Practical .NET

Organize Your Tests to Reduce Overhead

In test-driven development, you have to decide how you'll divide your test methods between your test classes. The best solution is the one that requires the least effort on your part and implements the Single Responsibility Principle for tests.

The key issue in deciding what tests go in which test Class isn't a technical issue: It's a productivity issue. Obviously, as you make changes to your code, you want to make sure that you can pass the test you wrote that proves that this latest change works (at least, as far as your definition of "works" goes). You'll run that test every time you think you're done with the change.

Once you do pass that test, though, you want to make sure your latest change hasn't introduced a bug that causes other tests to fail. That means, ideally, you want to run some relevant tests (one that checks for something that you might have broken with your latest changes) and no irrelevant ones (one that checks for something that you couldn't possibly have broken).

On the other hand, you don't want to obsess about this, either. Test-driven development (TDD) shouldn't be adding much (or any) overhead to your development process. The goal here isn't to be "ideal" but to be "good enough." Avoiding overhead means setting up your tests so that, if you do make a mistake in your test coverage, your error is on the side of running some irrelevant tests rather than skipping some relevant ones. After all, the typical runtime for a test is measured in milliseconds, so the cost of running an irrelevant test is small. The cost of missing an irrelevant test is people yelling at you later.

As a result, the simplest solution for organizing your tests is to put all the tests for a Controller or a Class in a single test Class. Not every test in the Test class will be relevant for every change to the target Class, but the cost of running those irrelevant tests should be small. In fact, this approach can raise a code smell: If your test Class has so many tests that those tests take a long time to run, then your class is probably violating the Single Responsibility Principle and could benefit from being refactored into a couple of smaller, better-focused classes.

Unit Tests vs. Integration Tests
Of course, a change you make in one class could result in some other class's test (or tests) failing. However, at the developer level, TDD is supposed to be all about unit testing. In fact, your unit tests should be isolating your target classes from the classes it integrates with so that, when your test fails, you know it's the target class's fault (see my article on using Moq).

Don't get me wrong: I'm not saying that integration testing should be ignored; I am saying it's a separate problem that should be handled separately. I recommend setting up a test Project for each set of integration tests (a CustomerOrders project that tests integration between your Customer and Order classes, for example) to hold those tests, for example.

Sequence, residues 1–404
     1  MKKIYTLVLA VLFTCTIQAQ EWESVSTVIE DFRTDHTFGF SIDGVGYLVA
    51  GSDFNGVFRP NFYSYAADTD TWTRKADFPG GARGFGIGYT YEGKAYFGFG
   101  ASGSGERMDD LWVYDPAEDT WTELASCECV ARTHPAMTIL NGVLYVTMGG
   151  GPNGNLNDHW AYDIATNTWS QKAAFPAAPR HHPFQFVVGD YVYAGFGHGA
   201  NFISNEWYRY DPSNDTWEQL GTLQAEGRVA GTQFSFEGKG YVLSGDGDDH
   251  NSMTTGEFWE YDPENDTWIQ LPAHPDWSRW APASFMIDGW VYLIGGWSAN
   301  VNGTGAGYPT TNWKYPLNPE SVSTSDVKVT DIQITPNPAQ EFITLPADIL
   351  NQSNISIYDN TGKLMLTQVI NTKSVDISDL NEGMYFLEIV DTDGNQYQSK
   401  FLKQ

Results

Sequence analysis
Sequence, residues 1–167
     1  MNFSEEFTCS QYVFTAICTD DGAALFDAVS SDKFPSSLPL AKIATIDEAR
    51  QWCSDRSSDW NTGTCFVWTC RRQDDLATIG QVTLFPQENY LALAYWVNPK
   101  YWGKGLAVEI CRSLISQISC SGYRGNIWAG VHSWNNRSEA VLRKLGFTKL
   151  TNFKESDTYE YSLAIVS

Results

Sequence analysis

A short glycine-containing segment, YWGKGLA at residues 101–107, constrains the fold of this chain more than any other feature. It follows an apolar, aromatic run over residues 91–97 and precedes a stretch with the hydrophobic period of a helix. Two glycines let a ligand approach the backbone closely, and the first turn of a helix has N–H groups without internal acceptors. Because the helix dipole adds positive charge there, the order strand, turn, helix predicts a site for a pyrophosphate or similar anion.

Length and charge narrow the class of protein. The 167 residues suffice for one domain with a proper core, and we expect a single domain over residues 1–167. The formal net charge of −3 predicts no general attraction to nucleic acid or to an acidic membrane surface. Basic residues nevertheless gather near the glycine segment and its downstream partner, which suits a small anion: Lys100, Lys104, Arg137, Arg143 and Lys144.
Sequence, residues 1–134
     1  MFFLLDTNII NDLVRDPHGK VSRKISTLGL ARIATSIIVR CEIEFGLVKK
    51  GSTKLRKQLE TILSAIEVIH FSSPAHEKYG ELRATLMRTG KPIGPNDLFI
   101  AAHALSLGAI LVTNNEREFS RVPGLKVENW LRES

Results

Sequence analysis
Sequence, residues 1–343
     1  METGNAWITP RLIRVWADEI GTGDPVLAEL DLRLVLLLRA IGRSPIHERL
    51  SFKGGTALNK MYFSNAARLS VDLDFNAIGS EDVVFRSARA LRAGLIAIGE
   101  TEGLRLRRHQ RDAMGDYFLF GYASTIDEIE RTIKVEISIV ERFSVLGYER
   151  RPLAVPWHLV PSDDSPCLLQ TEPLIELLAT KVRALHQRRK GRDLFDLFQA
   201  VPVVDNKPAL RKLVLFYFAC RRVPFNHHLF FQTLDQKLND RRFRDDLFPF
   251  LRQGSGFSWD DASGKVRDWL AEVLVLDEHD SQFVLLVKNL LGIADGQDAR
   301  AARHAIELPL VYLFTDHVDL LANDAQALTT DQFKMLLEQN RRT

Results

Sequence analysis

You also don't want to defer running those integration tests for too long. You want to ensure that, when you do get around to running your integration tests, that your latest changes are still fresh in your mind -- that lets you diagnose the problem quickly. With classes under your control, you can add your integration test Projects into your solution. That way, every once in a while (when you're on the phone or just want to take a break), you can go over to Test Explorer and select Run All. This will reassure you that a recent change you've made hasn't created an integration problem. When a red light does come up, your changes should be fresh enough in your mind that you'll almost instantly go "Right! Duh! Of course that would fail."

Changes that involve classes that aren't under you control will have to be deferred to a joint-integration testing plan that's outside your direct control. Those tests may only be run once a day or, perhaps, every time you check in your class. However, don't let those tests be deferred until close to a release date (unless you release every day). With that sort of schedule, every integration test that fails will be a mystery because you'll have forgotten what your changes were.

Putting it all together, I'm advocating for a Single Responsibility Principle for test classes: Each test class should test one thing and do it well. But, again, if you find yourself spending a lot of time organizing/managing your unit tests, I think you're missing the point.

About the Author

Peter Vogel is a system architect and principal in PH&V Information Services. PH&V provides full-stack consulting from UX design through object modeling to database design. Peter tweets about his VSM columns with the hashtag #vogelarticles. His blog posts on user experience design can be found at

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